November 24, 2010
Between firing their coach and banishing a blogger, the New York Islanders have made their share of shocking headlines recently. So, in keeping with that tradition, they announced today that forward Josh Bailey(notes), a third-year veteran and former No. 9 overall pick (2008), is on loan to the Bridgeport Sound Tigers of the AHL.
Or, as Leahy said in consideration of the Islanders' plight: "It's a promotion, really ..."
Bailey, 21, has six points (three goals, three assists) in 18 games this season with the Islanders. In 159 career NHL games, all with the Islanders, the Bowmanville, ON, native has scored 66 points (26 goals, 40 assists). The Islanders selected Bailey in the first round, ninth overall, of the 2008 NHL Entry Draft. Last year, the 6-1, 201 pound forward set career highs in games (73), goals (16), assists (19) and points (35) while leading the Islanders with a plus-five rating.
Lighthouse Hockey readers gave Bailey around a 7 for his grade last season.
He was getting his shot this season: 18:46 total average ice time, and 3:18 per game on the power play. Here's Chris Botta's take on the demotion:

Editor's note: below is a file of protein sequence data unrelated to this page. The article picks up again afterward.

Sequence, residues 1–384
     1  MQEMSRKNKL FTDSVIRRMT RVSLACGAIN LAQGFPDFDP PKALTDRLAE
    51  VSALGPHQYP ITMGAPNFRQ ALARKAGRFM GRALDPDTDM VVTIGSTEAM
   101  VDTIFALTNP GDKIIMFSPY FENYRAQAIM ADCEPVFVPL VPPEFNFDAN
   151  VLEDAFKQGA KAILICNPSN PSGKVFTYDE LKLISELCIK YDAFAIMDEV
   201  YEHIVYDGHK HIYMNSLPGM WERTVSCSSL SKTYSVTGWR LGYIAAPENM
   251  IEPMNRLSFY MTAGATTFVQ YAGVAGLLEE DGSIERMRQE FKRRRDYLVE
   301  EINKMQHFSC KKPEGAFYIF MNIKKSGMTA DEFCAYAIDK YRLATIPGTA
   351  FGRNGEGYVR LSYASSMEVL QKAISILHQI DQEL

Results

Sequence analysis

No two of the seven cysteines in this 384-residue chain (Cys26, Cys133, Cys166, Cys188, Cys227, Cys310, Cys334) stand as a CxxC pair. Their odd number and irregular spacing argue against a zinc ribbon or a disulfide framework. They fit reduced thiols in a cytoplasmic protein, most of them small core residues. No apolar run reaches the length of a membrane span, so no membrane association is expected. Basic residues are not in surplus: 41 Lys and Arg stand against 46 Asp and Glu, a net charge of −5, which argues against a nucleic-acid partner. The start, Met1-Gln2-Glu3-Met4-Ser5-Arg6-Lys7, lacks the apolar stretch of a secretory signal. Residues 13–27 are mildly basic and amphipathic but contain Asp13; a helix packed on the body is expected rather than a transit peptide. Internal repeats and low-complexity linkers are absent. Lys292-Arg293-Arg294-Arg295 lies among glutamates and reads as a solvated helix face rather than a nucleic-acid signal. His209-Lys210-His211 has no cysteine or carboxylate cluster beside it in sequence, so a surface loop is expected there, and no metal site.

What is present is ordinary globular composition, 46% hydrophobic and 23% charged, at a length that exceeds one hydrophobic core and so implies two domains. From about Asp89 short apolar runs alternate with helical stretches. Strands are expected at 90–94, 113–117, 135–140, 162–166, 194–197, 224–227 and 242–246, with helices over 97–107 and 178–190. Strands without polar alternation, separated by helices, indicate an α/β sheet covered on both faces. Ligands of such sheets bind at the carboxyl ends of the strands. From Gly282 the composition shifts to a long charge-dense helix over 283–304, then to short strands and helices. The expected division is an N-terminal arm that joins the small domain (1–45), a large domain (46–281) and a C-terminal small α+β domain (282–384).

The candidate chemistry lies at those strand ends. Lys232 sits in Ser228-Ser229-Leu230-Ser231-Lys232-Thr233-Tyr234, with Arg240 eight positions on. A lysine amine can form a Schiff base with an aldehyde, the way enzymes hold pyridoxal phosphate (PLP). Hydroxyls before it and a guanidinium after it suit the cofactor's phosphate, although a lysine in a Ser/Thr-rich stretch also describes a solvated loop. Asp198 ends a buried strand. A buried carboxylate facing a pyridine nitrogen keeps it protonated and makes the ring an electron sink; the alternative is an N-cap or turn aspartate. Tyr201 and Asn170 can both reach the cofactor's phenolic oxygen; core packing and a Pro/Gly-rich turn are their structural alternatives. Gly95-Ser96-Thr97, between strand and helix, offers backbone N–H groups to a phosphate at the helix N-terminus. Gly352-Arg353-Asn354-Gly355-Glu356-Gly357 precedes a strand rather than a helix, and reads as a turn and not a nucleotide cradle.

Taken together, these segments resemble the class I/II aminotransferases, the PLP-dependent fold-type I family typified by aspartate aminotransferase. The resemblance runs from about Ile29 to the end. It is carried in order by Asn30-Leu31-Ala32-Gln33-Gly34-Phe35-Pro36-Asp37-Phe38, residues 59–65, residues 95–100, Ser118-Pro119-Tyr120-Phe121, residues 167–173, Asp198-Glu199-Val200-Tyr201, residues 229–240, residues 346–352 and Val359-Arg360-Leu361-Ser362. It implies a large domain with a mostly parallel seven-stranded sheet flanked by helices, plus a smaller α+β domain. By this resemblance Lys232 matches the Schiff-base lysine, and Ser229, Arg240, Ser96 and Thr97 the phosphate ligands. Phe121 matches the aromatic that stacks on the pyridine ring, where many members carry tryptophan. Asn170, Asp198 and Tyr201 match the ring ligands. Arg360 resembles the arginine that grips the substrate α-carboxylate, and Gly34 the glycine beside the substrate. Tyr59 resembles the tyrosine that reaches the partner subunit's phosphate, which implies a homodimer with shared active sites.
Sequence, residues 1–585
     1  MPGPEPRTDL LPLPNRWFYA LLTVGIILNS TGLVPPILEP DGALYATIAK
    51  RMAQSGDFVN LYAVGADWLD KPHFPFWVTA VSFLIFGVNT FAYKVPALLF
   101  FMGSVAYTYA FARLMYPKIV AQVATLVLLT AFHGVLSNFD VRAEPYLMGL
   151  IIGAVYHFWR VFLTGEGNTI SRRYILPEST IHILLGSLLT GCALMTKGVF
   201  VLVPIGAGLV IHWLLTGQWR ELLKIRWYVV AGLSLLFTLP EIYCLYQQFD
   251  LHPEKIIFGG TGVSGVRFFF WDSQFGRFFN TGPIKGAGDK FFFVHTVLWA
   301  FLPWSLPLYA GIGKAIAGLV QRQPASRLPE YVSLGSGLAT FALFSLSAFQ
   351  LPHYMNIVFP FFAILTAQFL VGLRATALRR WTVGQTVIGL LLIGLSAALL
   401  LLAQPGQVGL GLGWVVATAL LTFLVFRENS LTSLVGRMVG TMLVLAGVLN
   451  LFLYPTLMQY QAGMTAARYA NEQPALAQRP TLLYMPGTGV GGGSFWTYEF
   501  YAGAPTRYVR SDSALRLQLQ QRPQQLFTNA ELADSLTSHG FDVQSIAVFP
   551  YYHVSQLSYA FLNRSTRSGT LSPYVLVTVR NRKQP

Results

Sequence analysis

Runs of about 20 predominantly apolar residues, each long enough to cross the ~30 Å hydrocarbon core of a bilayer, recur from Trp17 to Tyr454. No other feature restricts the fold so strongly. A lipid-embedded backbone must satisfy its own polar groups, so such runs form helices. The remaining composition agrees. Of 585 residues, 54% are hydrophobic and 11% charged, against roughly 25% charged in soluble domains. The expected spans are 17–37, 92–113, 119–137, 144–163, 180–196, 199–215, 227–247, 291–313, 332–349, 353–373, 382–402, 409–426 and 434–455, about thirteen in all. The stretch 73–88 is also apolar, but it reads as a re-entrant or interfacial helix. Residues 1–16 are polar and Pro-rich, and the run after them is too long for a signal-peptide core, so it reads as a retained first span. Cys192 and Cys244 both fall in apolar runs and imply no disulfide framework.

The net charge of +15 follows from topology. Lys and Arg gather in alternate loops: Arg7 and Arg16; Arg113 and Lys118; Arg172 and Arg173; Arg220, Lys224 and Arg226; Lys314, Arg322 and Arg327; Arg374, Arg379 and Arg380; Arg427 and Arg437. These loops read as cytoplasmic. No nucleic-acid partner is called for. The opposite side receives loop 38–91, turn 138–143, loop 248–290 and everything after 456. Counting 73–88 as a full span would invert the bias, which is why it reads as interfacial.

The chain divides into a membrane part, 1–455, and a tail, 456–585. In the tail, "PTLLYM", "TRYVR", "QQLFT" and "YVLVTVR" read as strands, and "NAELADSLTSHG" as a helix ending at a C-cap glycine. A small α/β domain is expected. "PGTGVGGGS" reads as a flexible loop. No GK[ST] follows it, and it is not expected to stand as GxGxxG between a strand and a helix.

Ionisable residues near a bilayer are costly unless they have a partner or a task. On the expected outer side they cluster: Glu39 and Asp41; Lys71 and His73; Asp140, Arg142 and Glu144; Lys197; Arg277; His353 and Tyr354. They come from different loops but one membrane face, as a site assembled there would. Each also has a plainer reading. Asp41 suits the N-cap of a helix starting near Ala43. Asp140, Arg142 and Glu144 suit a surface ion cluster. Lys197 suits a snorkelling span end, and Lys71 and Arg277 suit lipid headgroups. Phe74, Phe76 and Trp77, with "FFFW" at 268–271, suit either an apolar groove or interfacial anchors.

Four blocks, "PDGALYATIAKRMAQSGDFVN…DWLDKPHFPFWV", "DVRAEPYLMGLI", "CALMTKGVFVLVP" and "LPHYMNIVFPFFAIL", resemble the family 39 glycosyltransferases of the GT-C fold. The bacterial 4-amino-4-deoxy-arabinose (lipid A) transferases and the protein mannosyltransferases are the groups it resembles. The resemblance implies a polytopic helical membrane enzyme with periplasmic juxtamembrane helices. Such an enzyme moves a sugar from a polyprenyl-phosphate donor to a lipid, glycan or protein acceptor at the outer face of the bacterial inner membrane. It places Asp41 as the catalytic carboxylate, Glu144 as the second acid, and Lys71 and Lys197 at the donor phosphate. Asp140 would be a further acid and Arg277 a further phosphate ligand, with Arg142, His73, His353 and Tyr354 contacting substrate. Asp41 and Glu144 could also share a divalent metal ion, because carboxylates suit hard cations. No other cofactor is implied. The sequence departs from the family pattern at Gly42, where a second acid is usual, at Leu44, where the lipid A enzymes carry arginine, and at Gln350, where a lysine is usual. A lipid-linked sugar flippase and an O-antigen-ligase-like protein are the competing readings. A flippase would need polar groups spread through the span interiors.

Gutsy move by Garth Snow, who has watched Bailey go pointless in 13 games despite major ice time. A step back for Bailey, who was rushed as an 18-year-old by the Islanders, but he's a mature young man who can handle this.
It's a kick in the ass for Bailey, and a necessary one. He bulked up over the summer, but hasn't found his offensive groove yet. And Botta's right: If anyone can take this as a turning point, it's Bailey. From CBC Sports, earlier this month:
"If I looked at it from the standpoint of my first training camp to my second and now my third, I've grown so much as a person. You're a kid when you come in and the second year you're a man, you know how to carry yourself. You definitely mature very quickly [as a young NHLer] and it leads to more results on the ice."
Sure, it's an offensively starved team demoting a potential top-six forward to the AHL. Taken in context with the Islanders other moves, you can almost hear the carnival music. But Snow clearly sees this as a moment of salvation for one of the franchise's top young players; he'll be back.